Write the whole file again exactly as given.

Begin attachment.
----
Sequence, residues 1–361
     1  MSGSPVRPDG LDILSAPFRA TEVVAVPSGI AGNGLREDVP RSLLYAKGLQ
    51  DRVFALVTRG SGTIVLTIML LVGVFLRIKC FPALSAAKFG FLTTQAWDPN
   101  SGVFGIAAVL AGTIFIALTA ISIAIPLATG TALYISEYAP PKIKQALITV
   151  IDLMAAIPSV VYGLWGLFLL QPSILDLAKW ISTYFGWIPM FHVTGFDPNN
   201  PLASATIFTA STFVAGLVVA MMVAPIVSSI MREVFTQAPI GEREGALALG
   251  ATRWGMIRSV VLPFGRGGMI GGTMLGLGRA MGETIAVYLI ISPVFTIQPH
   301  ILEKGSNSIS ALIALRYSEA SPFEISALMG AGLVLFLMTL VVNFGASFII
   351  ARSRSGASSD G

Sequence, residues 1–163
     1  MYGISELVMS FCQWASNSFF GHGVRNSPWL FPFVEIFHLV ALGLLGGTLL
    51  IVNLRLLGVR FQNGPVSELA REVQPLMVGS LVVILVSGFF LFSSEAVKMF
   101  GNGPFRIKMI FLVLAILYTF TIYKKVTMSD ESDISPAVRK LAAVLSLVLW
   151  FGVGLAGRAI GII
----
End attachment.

Sequence, residues 1–361
     1  MSGSPVRPDG LDILSAPFRA TEVVAVPSGI AGNGLREDVP RSLLYAKGLQ
    51  DRVFALVTRG SGTIVLTIML LVGVFLRIKC FPALSAAKFG FLTTQAWDPN
   101  SGVFGIAAVL AGTIFIALTA ISIAIPLATG TALYISEYAP PKIKQALITV
   151  IDLMAAIPSV VYGLWGLFLL QPSILDLAKW ISTYFGWIPM FHVTGFDPNN
   201  PLASATIFTA STFVAGLVVA MMVAPIVSSI MREVFTQAPI GEREGALALG
   251  ATRWGMIRSV VLPFGRGGMI GGTMLGLGRA MGETIAVYLI ISPVFTIQPH
   301  ILEKGSNSIS ALIALRYSEA SPFEISALMG AGLVLFLMTL VVNFGASFII
   351  ARSRSGASSD G

Sequence, residues 1–163
     1  MYGISELVMS FCQWASNSFF GHGVRNSPWL FPFVEIFHLV ALGLLGGTLL
    51  IVNLRLLGVR FQNGPVSELA REVQPLMVGS LVVILVSGFF LFSSEAVKMF
   101  GNGPFRIKMI FLVLAILYTF TIYKKVTMSD ESDISPAVRK LAAVLSLVLW
   151  FGVGLAGRAI GII